Ethiopia's economy had shown signs of recovery after the hunger crisis of the mid-'80s, but by 2002 it was struggling again. A border war with Eritrea had cost billions, and the government was funding military rather than civilian projects. "It's a very fragile place," says Dorsch. "Like many parts of the world -- including our country -- the gap between the rich and the poor is just getting bigger over there. You do see conspicuous wealth in the form of beautiful cars and well-dressed people, but the poverty in Addis can be mind-boggling."

In establishing her partnership with Menby, Dorsch hoped to help families around the Ethiopian capital find long-term, sustainable solutions to financial problems. Working solely with women-owned businesses that hired mostly women seemed to be the right route. "It's not sexism," she says. "Money that gets into the hands of the women goes to the family. And -- this is not just my idea, there's a lot of research on this -- if women can be economically independent, they have a lot more control over their sexuality, their safety, their life in general. She can say to a man who's abusive or whatever, 'No, I'm not going to live in these unsafe conditions.' That has as much impact as the other work I was doing in reproductive health care. It was just another way of getting to improve women's lives."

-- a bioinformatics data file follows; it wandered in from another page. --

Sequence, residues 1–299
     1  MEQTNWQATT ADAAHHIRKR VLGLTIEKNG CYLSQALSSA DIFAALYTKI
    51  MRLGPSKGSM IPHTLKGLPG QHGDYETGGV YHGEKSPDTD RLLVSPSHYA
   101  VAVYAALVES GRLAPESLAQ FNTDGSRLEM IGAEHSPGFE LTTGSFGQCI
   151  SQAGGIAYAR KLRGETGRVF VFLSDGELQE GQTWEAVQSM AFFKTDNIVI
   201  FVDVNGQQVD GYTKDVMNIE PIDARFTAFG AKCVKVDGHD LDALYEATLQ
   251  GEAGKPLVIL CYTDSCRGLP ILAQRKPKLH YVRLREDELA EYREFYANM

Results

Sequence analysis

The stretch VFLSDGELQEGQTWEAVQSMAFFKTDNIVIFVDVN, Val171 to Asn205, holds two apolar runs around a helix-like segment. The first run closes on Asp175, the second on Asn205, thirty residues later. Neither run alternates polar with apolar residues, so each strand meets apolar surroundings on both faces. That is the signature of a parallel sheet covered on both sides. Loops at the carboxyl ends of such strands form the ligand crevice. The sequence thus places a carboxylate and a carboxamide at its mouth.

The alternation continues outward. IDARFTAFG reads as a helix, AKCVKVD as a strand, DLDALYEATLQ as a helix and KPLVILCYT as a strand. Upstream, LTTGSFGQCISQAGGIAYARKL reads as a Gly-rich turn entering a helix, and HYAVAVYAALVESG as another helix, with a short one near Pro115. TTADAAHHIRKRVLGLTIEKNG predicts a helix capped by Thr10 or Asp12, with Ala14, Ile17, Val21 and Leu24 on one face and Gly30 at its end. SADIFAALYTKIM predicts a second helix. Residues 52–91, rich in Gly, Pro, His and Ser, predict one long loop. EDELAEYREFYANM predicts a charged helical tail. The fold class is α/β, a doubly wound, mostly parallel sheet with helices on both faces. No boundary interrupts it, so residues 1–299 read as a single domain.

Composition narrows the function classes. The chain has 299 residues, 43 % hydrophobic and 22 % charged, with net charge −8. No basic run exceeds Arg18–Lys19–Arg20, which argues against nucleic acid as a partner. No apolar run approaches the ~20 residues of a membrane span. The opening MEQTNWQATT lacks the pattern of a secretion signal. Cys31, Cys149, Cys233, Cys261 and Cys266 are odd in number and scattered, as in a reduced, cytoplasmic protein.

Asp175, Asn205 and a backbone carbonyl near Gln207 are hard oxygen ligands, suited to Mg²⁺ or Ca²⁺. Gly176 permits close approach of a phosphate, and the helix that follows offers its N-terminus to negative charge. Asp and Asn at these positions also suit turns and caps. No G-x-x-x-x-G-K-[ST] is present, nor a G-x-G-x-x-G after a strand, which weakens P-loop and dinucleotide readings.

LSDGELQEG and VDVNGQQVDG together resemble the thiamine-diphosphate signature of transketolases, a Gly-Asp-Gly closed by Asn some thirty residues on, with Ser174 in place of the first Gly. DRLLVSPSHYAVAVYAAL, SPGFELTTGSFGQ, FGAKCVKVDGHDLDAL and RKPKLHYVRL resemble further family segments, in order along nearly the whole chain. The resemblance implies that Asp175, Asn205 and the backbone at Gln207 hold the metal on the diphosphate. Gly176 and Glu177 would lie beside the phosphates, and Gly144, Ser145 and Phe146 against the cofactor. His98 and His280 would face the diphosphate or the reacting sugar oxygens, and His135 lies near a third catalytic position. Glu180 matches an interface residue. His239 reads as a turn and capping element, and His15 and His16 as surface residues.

Ironically, two men are the weavers for Creative Women; working the looms has long been an occupation for hundreds of men in Addis, while women grow and hand-spin the cotton and later do all the sewing of scarves, shawls, pillows and pocketbooks. Dorsch and Menby plan out the patterns and colors together.

"Menby and her husband had lived in the U.S.; she got a degree in design from Delaware, and her husband a Ph.D. in demography," Dorsch explains. "So she can picture a Western living room or bedroom, and has been a perfect bridge between the two cultures."

The first time Menby and Dorsch met with a weaver, he commented that the colors they had chosen were ugly. As Dorsch does not speak Amharic, Menby replied, "It really doesn't matter what you think, it matters what the people in New York think."

New York was, in fact, the site of Dorsch's first sale. Shortly after production began in fall 2002, she sold pillows and shawls to a small Brook-lyn boutique and gift store. She had been taking courses at Manhattan's Fashion Institute of Technology, where she was astonished to learn that the average high-end American bed typically supports 11 pillows.

Dorsch also joined the Museum Store Association and applied to the exclusive handmade division of the New York International Gift Fair, which is held every August in Manhattan's Javits Center and draws 45,000 buyers from hundreds of home and craft stores. Creative Women was accepted to the juried show, and Dorsch began to network extensively.